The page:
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The Organophosphate Chlorpyrifos Interferes with the Responses to 17β-Estradiol in the Digestive Gland of the Marine Mussel Mytilus galloprovincialis

  • Laura Canesi ,

    Laura.Canesi@unige.it

    Affiliation Dipartimento di Biologia, Università di Genova, Genova, Italy

  • Alessandro Negri,

    Affiliation Dipartimento di Scienze dell'Ambiente e della Vita, Università del Piemonte Orientale ‘Amedeo Avogadro’, Alessandria, Italy

  • Cristina Barmo,

    Affiliation Dipartimento di Biologia, Università di Genova, Genova, Italy

  • Mohamed Banni,

    Affiliations Dipartimento di Scienze dell'Ambiente e della Vita, Università del Piemonte Orientale ‘Amedeo Avogadro’, Alessandria, Italy, Laboratory of Biochemistry and Environmental Toxicology, ISA, Chott-Mariem, Sousse, Tunisia

  • Gabriella Gallo,

    Affiliation Dipartimento di Biologia, Università di Genova, Genova, Italy

  • Aldo Viarengo,

    Affiliation Dipartimento di Scienze dell'Ambiente e della Vita, Università del Piemonte Orientale ‘Amedeo Avogadro’, Alessandria, Italy

  • Francesco Dondero

    Affiliation Dipartimento di Scienze dell'Ambiente e della Vita, Università del Piemonte Orientale ‘Amedeo Avogadro’, Alessandria, Italy

The Organophosphate Chlorpyrifos Interferes with the Responses to 17β-Estradiol in the Digestive Gland of the Marine Mussel Mytilus galloprovincialis

  • Laura Canesi, 
  • Alessandro Negri, 
  • Cristina Barmo, 
  • Mohamed Banni, 
  • Gabriella Gallo, 
  • Aldo Viarengo, 
  • Francesco Dondero
PLOS
x

Abstract

Background

Many pesticides have been shown to act as endocrine disrupters. Although the potencies of currently used pesticides as hormone agonists/antagonists are low compared with those of natural ligands, their ability to act via multiple mechanisms might enhance the biological effect. The organophosphate Chlorpyrifos (CHP) has been shown to be weakly estrogenic and cause adverse neurodevelopmental effects in mammals. However, no information is available on the endocrine effects of CHP in aquatic organisms. In the digestive gland of the bivalve Mytilus galloprovincialis, a target tissue of both estrogens and pesticides, the possible effects of CHP on the responses to the natural estrogen 17β-estradiol (E2) were investigated.

Methodology/Principal Findings

Mussels were exposed to CHP (4.5 mg/l, 72 hrs) and subsequently injected with E2 (6.75 ng/g dw). Responses were evaluated in CHP, E2 and CHP/E2 treatment groups at 24 h p.i. by a biomarker/transcriptomic approach. CHP and E2 induced additive, synergistic, and antagonistic effects on lysosomal biomarkers (lysosomal membrane stability, lysosome/cytoplasm volume ratio, lipofuscin and neutral lipid accumulation). Additive and synergistic effects were also observed on the expression of estrogen-responsive genes (GSTπ, catalase, 5-HTR) evaluated by RT-Q-PCR. The use of a 1.7K cDNA Mytilus microarray showed that CHP, E2 and CHP/E2, induced 81, 44, and 65 Differentially Expressed Genes (DEGs), respectively. 24 genes were exclusively shared between CHP and CHP/E2, only 2 genes between E2 and CHP/E2. Moreover, 36 genes were uniquely modulated by CHP/E2. Gene ontology annotation was used to elucidate the putative mechanisms involved in the responses elicited by different treatments.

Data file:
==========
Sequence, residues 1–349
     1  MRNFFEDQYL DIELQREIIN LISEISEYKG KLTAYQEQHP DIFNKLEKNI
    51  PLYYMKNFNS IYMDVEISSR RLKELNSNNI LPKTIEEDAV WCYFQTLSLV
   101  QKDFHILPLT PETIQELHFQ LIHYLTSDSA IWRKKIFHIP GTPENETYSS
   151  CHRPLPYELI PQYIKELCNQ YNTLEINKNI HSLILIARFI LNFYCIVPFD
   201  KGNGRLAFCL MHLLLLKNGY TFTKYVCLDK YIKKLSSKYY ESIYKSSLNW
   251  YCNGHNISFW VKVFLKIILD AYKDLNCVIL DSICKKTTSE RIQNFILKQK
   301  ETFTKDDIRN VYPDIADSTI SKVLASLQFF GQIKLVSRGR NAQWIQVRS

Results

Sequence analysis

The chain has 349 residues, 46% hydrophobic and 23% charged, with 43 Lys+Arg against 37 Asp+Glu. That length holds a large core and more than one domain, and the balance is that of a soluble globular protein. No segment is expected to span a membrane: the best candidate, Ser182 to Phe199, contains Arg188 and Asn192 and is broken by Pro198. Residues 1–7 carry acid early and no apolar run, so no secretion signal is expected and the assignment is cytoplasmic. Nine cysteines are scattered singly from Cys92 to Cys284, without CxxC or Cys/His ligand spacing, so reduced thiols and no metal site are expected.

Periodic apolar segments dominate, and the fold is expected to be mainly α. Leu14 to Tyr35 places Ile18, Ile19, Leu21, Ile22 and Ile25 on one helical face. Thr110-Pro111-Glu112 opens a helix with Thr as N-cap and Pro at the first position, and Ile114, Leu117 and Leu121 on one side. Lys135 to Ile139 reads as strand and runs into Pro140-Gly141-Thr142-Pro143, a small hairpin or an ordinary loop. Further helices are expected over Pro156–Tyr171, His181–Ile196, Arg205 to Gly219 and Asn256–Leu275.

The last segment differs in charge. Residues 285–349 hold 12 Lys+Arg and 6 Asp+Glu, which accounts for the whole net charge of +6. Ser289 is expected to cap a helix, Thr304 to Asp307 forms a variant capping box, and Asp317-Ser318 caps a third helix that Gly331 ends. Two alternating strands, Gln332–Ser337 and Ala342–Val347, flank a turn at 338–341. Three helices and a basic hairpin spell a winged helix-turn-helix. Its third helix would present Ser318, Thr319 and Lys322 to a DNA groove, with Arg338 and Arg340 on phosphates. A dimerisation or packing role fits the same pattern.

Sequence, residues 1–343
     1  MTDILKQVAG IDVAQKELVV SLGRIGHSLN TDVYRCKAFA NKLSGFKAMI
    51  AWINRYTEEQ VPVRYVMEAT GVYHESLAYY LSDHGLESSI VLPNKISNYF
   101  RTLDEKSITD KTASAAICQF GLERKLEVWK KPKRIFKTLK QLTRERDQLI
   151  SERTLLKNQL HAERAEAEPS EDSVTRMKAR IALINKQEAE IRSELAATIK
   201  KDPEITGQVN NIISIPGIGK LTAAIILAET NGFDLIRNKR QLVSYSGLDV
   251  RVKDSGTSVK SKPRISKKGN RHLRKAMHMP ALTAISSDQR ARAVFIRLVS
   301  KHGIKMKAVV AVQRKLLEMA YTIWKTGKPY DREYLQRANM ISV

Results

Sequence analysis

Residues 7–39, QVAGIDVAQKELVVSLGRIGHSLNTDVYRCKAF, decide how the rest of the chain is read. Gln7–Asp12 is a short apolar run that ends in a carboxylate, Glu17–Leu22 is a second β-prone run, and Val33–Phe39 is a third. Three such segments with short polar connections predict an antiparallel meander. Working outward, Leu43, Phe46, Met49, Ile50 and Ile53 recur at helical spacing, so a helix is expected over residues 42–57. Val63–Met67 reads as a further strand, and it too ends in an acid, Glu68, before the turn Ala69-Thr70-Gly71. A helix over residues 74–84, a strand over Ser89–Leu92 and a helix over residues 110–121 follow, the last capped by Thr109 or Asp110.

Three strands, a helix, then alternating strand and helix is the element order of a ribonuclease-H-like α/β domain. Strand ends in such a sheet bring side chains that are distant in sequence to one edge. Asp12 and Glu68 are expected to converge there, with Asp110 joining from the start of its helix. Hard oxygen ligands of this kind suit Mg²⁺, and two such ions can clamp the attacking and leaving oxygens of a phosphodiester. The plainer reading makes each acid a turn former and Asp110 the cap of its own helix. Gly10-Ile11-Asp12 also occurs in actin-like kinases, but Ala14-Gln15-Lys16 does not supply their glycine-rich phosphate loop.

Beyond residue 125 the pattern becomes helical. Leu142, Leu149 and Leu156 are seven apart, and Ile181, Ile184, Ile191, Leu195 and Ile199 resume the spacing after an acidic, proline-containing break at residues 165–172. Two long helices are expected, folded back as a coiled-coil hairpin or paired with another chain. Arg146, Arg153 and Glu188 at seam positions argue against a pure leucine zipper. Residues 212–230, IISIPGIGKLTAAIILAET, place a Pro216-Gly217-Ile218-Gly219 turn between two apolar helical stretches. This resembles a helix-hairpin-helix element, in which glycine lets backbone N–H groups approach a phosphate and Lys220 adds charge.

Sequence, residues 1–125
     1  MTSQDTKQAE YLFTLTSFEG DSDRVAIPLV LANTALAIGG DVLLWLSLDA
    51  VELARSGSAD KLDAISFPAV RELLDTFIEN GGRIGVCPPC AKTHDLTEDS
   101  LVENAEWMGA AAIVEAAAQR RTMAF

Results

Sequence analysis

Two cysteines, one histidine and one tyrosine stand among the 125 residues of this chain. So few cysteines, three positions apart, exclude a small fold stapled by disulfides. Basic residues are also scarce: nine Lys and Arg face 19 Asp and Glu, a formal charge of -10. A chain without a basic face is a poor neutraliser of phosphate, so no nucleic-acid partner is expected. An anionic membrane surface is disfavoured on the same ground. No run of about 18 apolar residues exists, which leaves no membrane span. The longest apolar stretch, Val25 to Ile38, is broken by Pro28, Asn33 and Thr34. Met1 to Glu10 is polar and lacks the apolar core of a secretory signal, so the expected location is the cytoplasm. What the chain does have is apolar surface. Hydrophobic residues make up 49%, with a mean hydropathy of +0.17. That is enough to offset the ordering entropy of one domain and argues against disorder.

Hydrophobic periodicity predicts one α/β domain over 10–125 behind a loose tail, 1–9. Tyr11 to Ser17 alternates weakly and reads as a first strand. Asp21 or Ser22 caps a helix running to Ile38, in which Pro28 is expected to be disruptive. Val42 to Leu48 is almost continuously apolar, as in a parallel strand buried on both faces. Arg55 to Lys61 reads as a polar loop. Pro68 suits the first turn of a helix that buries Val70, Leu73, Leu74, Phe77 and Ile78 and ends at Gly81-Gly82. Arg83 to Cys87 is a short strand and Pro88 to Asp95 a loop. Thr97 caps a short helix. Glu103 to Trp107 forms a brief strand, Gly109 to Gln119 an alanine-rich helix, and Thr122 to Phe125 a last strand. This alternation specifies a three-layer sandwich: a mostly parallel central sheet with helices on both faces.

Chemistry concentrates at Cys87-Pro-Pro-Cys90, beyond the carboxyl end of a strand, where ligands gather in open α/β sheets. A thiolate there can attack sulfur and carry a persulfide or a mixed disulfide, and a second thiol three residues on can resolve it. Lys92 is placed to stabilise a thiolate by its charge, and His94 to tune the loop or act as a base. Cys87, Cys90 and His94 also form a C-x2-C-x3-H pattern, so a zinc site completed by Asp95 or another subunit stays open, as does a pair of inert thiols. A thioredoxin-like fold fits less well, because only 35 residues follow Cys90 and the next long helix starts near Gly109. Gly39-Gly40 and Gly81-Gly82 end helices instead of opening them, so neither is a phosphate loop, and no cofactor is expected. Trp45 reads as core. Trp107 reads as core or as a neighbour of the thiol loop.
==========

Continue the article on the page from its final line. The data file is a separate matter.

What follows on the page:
Conclusions

The results show complex interactions between CHP and E2 in the digestive gland, indicating that the combination of certain pesticides and hormones may give rise to unexpected effects at the molecular/cellular level. Overall, these data demonstrate that CHP can interfere with the mussel responses to natural estrogens.

Introduction

Many endocrine-disrupting compounds (EDCs) so far identified are persistent organochlorine pesticides (e.g., DDT, methoxychlor, dieldrin) [1]. Compared to these, modern pesticides, such as most organophosphates, do not bioaccumulate and therefore they might not reach concentrations able to cause endocrine disruption in humans or wildlife. However, organophosphorous and carbamate pesticides and their residues are present in the environment, in food items and human tissues and fluids all over the world [2], [3]; some of these have been reported to possess endocrine-disrupting properties [2], [4][6].

The potencies of pesticides as estrogen agonists/antagonists and antiandrogens in vitro are low compared with those of natural ligands [7]. However, chemicals with similar estrogenic potencies in vitro sometimes show very different potencies in vivo [8]. Their ability to act via more than one mechanism might enhance the biological effect in the intact organism, since the final response will likely be determined by the interactions of all pathways implicated. In this view, the application of ecotoxicogenomics, that is the study of gene expression in either target or non-target organisms, represents a powerful tool to understand, and infer, the molecular/cellular mechanisms involved in responses to environmental toxicant exposure in various species [9], [10].

Among the organophosphate insecticides, Chlorpyrifos (CHP) (phosphorothionic acid O, O-diethyl O-[3,5,6-trichloro-2-pyridyl] ester) was first introduced into marketplace in 1965 and used in agriculture worldwide [11]. The primary target organ for CHP is the nervous system, due to the ability of the chlorpyrifos-oxon metabolite to inhibit acetylcholinesterase (AChE) activity [11], [12]. However, several studies identified putative neurodevelopmental mechanisms that are independent of cholinesterase inhibition [11], [13][16]. CHP has been shown to interfere with different components of cell signalling [17][20], and to affect oxidative stress parameters in the developing brain, leading to shifts in expression and function of antioxidant genes [21], [22]. Beside brain defects, genital defects including undescended testes, microphallus, and fused labia were also reported [4], [5], [23]. In vitro, CHP showed a weak estrogenic activity in estrogenicity assays, and no significant effects on the response induced by 17β-estradiol were observed [7]. CHP also showed a weak increasing effect on the basal ERβ mRNA level in MCF-7 cells [24].